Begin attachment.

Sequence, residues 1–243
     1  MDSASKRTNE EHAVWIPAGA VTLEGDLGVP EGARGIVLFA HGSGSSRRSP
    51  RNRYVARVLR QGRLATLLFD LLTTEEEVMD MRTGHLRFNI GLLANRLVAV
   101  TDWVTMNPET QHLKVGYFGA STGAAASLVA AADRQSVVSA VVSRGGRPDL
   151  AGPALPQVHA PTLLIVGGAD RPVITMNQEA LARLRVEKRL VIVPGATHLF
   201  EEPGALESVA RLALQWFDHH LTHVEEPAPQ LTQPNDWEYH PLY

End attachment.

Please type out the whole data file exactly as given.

Sequence, residues 1–243
     1  MDSASKRTNE EHAVWIPAGA VTLEGDLGVP EGARGIVLFA HGSGSSRRSP
    51  RNRYVARVLR QGRLATLLFD LLTTEEEVMD MRTGHLRFNI GLLANRLVAV
   101  TDWVTMNPET QHLKVGYFGA STGAAASLVA AADRQSVVSA VVSRGGRPDL
   151  AGPALPQVHA PTLLIVGGAD RPVITMNQEA LARLRVEKRL VIVPGATHLF
   201  EEPGALESVA RLALQWFDHH LTHVEEPAPQ LTQPNDWEYH PLY